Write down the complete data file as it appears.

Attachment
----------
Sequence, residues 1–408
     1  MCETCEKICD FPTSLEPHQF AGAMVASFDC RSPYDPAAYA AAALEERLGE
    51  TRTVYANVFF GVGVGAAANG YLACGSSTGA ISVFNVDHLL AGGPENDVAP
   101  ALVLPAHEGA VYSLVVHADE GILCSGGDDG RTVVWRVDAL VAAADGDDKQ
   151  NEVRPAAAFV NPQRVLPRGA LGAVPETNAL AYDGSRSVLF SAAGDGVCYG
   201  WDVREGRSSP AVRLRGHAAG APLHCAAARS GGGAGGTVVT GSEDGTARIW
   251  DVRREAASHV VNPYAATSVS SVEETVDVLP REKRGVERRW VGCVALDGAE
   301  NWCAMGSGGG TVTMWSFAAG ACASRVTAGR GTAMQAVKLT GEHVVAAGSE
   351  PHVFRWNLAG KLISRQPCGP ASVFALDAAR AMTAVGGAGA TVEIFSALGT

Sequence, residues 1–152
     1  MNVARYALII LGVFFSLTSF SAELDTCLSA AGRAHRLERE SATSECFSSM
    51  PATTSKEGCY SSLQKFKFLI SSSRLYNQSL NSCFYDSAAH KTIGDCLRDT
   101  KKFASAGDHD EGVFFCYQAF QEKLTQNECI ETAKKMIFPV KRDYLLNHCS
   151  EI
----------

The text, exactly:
Sequence, residues 1–408
     1  MCETCEKICD FPTSLEPHQF AGAMVASFDC RSPYDPAAYA AAALEERLGE
    51  TRTVYANVFF GVGVGAAANG YLACGSSTGA ISVFNVDHLL AGGPENDVAP
   101  ALVLPAHEGA VYSLVVHADE GILCSGGDDG RTVVWRVDAL VAAADGDDKQ
   151  NEVRPAAAFV NPQRVLPRGA LGAVPETNAL AYDGSRSVLF SAAGDGVCYG
   201  WDVREGRSSP AVRLRGHAAG APLHCAAARS GGGAGGTVVT GSEDGTARIW
   251  DVRREAASHV VNPYAATSVS SVEETVDVLP REKRGVERRW VGCVALDGAE
   301  NWCAMGSGGG TVTMWSFAAG ACASRVTAGR GTAMQAVKLT GEHVVAAGSE
   351  PHVFRWNLAG KLISRQPCGP ASVFALDAAR AMTAVGGAGA TVEIFSALGT

Sequence, residues 1–152
     1  MNVARYALII LGVFFSLTSF SAELDTCLSA AGRAHRLERE SATSECFSSM
    51  PATTSKEGCY SSLQKFKFLI SSSRLYNQSL NSCFYDSAAH KTIGDCLRDT
   101  KKFASAGDHD EGVFFCYQAF QEKLTQNECI ETAKKMIFPV KRDYLLNHCS
   151  EI